God’s Not Dead 2 parents guide

God’s Not Dead 2 Parent Review

This courtroom drama blows things a little out of proportion, but it does ask an interesting question: "If you were on trial for being a Christian, would there be enough evidence to convict you?"

Overall B

A teacher (Melissa Joan Hart) who makes religious comments in her classroom finds herself in court with the future of her career in jeopardy.

Violence B+
Sexual Content A
Profanity A
Substance Use A

God’s Not Dead 2 is rated PG for some thematic elements

Movie Review

“If you were on trial for being a Christian, would there be enough evidence to convict you?” That’s the sort of question that gets asked in a Sunday School class to motivate participants to reflect upon their personal expressions of faith. It really isn’t the sort of situation one would expect to face in a court of law, especially in a country that professes to champion freedom of religion and freedom of speech. Yet in this fictional movie, that is the exact predicament the main character finds herself.

Grace Wesley (Melissa Joan Hart) is a high school teacher facing legal action because she mentioned Jesus and The Bible during a history lesson. It is true that Grace answered the direct question of a student (Hayley Orrantia) about the religious figure and quoted his words while engaged in a discussion about passive resistance. Gandhi and Martin Luther King were mentioned too, but it is only her comments about Jesus that the seventeen-year-old girl’s parents (Maria Canals-Barrera and Carey Scott) take exception to. Their outrage turns into formal charges against the teacher for “preaching and proselytizing” in the classroom. If found guilty, Grace stands to lose her job, her livelihood and her credentials.

The courtroom drama that follows might be accused of blowing things a little out of proportion too. While the scriptwriters claim to have used real cases for their inspiration (a list of their sources appears in the closing credits), some melodramatic elements have been included in this presentation, such as an evil prosecutor (Ray Wise), prejudice witnesses (Robin Givens, Natalie Canerday) and a biased judge (Ernie Hudson). Grace’s council (Jesse Metcalfe) is an inexperienced lawyer, creating a David and Goliath scenario. And when experts testify in the defendant’s behalf (like J. Warner Wallace who really is the author of Cold-Case Christianity), the witness box feels a bit like a pulpit.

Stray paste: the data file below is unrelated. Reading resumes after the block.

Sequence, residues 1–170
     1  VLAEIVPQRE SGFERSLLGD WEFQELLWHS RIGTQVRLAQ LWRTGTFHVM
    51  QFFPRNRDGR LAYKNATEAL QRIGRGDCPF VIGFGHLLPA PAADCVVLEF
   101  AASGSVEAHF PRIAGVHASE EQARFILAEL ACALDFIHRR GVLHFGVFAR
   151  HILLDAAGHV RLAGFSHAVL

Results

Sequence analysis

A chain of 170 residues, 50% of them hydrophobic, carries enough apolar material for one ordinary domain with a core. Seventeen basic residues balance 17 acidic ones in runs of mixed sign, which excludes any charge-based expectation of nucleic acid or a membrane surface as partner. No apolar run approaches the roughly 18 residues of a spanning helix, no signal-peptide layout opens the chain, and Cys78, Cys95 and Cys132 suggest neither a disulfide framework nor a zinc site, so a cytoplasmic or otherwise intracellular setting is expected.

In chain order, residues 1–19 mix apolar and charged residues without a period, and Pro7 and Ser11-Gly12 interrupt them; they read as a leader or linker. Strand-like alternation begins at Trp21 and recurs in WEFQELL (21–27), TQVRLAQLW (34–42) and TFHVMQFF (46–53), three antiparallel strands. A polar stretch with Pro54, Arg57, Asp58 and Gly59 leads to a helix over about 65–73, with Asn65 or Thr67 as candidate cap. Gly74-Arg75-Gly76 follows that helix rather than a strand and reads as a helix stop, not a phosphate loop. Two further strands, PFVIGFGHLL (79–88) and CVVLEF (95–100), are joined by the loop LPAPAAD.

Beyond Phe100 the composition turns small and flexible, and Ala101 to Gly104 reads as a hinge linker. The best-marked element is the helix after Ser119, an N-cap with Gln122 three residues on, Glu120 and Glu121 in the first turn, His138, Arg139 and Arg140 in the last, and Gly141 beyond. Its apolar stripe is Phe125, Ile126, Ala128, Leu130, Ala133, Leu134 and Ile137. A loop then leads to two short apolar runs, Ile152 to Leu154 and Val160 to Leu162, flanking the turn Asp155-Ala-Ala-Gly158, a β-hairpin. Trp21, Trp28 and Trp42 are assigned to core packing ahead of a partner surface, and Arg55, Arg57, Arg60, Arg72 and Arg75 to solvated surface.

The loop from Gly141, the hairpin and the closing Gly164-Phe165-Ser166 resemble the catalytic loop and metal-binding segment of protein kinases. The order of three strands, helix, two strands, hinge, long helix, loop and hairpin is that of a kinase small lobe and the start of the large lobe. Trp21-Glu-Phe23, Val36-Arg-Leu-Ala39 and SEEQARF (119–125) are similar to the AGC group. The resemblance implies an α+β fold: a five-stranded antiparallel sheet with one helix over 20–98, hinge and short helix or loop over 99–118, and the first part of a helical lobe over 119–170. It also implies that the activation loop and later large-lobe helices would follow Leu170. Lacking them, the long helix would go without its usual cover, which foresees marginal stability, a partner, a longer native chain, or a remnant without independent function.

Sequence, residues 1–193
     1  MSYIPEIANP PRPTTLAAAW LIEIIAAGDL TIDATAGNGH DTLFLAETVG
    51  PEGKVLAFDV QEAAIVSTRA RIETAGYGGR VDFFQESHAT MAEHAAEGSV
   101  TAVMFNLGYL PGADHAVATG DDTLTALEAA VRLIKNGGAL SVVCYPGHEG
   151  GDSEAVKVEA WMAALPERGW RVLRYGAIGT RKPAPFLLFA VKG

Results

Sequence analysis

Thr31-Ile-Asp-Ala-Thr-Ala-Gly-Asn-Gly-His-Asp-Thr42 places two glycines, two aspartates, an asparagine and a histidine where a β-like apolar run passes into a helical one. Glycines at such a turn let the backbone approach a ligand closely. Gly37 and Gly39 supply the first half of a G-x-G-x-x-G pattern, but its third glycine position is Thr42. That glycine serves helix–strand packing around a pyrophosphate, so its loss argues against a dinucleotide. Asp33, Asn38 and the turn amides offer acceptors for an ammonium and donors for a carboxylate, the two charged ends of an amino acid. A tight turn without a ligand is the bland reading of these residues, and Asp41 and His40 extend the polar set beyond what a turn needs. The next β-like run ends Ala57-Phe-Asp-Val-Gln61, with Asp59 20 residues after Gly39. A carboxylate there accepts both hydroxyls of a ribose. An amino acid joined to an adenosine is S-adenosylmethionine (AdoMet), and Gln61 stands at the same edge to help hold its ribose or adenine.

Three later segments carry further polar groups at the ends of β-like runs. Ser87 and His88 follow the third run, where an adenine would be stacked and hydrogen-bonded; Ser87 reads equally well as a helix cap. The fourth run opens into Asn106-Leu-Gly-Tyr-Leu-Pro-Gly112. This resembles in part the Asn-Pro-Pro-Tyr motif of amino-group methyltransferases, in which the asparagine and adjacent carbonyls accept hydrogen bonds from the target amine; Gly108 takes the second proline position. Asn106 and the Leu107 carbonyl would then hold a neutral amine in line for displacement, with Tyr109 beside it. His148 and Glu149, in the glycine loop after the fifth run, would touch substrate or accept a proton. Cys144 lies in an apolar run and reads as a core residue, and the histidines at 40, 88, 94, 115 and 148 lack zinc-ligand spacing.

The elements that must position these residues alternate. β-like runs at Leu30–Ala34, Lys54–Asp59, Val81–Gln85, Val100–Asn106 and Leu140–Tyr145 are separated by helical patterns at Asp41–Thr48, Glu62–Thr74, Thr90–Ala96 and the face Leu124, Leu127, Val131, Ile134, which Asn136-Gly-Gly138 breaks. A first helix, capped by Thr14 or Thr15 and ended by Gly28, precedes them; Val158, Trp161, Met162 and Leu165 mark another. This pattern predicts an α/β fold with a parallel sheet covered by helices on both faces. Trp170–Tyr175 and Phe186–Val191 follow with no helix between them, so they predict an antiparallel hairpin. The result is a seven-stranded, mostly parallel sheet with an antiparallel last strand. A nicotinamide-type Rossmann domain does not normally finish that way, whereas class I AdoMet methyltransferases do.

Review continues after the break...

However, the film’s good intentions are felt in the depiction of Grace. Despite being publicly judged, facing community criticism and even feeling like her God has forsaken her, this professed Christian holds onto her faith. With the exception of some verbal harassment and augmentative dialogue, the film is devoid of the usual content objections.

There is never any doubt how the trial will end—the title of the movie affirms its conclusion. And it is pretty obvious the film is preaching to the choir. (If you aren’t part of that group, it is unlikely this story will prompt you to change your tune.) Yet for sympathetic viewers, waiting for Grace to receive her miracle will provide some time to ponder a few personal questions like: What kind of commitment do I feel for the things I profess to believe? Does my conviction show? How do I feel about the statement, “God’s not dead”?

Directed by Harold Cronk. Starring Jesse Metcalfe, David A.R. White, Ray Wise. Running time: 121 minutes. Updated

Get details on profanity, sex and violence in God’s Not Dead 2 here.

God’s Not Dead 2 Parents Guide

How do you feel about religion in public schools? Is there an appropriate place for discussions about faith to occur? How might a policy enforcing only unbiased information to be presented be its own form of bias?

Is it possible to defend the rights of freedom of religion and freedom of speech without having to allow others with opposing ideologies to your own to also be allowed to express their points of view? Why does a quest for tolerance and open-mindedness sometimes lead to intolerance and close-mindedness? Why do some ideas become old-fashioned and out of style, while other gain popularity?